What words or actions from us could possibly suggest to our child that it’s safer to be silent? I’m thinking here of times when my parental “go to” has been from my “fixing mode,” times when I’ve said words of evaluation/judgment. Times when I’ve forgotten to put on my active listening ears and respond with empathic words. With a few such “risky” experiences under their belts, my kids may choose that silence.

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WOW! Word of the Week: RELAX

girl-511878_1280

  1. You look relaxed in those clothes!
  2. You can take a relaxing bath before bed.
  3. Let’s go relax and read a book.
  4. Taking a walk can be a great kind of relaxation.
  5. Where would you like to relax today?

Copyright © 2015 Babs Bell Hajdusiewicz

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Babsy B Tip: Housing Your Child’s Library, Part 2

Reading Head Start

Shelve books with spines out so that little hands can select books.

Space bricks or similarly heavy objects as book ends, so that books stay upright.

Your child is learning how to care for books and to treasure book ownership.

Copyright © 2015 Babs Bell Hajdusiewicz

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WOW! Word of the Week: EMBARRASS

girl-56683_1920

  1. Why do you think she felt embarrassed about her socks?
  2. I didn’t mean to embarrass you.
  3. Why did that situation feel embarrassing to you?
  4. What’s another time when you felt embarrassed?
  5. I like how you tried not to embarrass your sister about having her pacifier.

Copyright © 2015 Babs Bell Hajdusiewicz

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Babsy B Tip: Books, Books, and more Books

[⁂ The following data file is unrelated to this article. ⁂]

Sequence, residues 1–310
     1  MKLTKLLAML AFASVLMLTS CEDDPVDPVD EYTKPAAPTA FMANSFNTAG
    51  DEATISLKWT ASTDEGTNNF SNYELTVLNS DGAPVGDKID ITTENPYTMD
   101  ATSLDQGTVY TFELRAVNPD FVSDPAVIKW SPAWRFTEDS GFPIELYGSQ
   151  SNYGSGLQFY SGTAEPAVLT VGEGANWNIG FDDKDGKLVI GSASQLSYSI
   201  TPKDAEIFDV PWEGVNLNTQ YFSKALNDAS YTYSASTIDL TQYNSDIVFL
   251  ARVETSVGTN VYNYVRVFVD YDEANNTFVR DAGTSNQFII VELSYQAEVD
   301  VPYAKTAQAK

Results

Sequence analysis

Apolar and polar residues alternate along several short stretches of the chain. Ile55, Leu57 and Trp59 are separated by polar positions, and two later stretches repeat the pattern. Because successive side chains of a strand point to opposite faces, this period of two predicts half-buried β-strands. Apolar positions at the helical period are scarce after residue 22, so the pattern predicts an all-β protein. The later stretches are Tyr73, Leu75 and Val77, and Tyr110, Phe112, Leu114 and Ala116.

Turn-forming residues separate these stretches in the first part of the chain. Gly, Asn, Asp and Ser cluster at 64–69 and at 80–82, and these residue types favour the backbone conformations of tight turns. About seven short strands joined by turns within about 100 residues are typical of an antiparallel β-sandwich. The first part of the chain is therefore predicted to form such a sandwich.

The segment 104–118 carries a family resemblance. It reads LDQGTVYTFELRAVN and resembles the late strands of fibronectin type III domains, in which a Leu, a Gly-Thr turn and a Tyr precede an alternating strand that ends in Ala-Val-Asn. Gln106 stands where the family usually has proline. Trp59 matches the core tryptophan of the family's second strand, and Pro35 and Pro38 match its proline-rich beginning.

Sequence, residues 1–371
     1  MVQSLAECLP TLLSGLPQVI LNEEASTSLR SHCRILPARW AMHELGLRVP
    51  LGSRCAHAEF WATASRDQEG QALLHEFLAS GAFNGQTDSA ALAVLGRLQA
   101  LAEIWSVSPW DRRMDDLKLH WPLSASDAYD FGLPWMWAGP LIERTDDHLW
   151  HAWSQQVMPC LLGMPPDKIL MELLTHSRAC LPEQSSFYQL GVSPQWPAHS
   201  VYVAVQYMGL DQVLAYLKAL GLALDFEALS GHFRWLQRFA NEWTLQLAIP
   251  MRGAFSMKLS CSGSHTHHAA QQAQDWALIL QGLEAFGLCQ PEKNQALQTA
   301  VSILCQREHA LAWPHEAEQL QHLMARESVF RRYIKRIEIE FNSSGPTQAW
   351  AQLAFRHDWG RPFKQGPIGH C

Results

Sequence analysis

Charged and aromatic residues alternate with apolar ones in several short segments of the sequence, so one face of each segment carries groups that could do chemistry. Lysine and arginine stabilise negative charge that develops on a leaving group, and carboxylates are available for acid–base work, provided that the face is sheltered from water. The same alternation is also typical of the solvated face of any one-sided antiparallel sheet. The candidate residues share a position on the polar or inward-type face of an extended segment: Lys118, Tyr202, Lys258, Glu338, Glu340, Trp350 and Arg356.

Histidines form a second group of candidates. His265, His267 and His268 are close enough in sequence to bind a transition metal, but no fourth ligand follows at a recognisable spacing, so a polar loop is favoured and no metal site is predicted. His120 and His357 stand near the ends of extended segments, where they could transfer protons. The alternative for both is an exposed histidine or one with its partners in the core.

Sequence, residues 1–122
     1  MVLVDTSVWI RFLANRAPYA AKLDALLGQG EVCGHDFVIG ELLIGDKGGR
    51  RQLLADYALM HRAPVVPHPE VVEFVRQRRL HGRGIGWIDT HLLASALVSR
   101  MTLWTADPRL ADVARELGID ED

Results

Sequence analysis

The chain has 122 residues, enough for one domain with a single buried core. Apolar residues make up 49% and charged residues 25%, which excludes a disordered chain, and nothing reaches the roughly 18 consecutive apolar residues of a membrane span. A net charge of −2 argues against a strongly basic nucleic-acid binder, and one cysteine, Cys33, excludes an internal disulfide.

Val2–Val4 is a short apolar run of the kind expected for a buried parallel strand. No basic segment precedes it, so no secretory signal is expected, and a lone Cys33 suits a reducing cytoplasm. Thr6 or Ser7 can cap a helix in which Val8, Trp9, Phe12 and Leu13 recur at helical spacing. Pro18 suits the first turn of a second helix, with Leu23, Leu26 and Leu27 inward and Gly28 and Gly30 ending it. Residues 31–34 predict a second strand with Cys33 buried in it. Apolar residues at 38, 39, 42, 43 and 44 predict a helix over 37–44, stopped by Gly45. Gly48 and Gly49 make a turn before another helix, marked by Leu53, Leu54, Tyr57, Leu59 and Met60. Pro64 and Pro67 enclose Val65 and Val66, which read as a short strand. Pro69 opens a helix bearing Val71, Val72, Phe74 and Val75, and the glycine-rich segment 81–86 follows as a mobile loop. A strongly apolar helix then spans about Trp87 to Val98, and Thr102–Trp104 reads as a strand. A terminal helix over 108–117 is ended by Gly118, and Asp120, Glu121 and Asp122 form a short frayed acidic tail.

Reading Head Start: Housing Your Child’s Library

Put a box or basket of books in every room and in the bathroom.

Keep a container of books in the car.

Your child is learning to use books to entertain and occupy self.

Copyright © 2015 Babs Bell Hajdusiewicz

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Ask Babs: Toddler Time Enhanced

Q: How can I interact with my toddler more and on a regular basis?

A: Play a Senses Game: Listen, Listen! Sounds All Around! This is a fun and interactive game for you and your infant or toddler to play at any time, no matter where you may be. This listening game helps to build your child’s awareness of sounds. And if he’s pre-verbal, you will take your turn and his.

To begin the game, say enthusiastically, “Let’s play a game. Let’s listen and name the sounds we hear. Ready? Let’s play!”

You’ll go first and say, “Listen! Listen! I hear a sound!” Then model the use of a complete sentence to name a sound you hear. For example, you might say, “I hear a car whizzing by!” Then tell your infant or toddler it’s her turn.

Ask her to listen and name a sound she hears. If she says one word or any approximation of a word, you’ll put that word in a sentence, to say something, like: “Oh! You heard a dog bark! Yes! Okay, it’s my turn now.”

At other times, extend this interactive game to play these different kinds of Senses Games: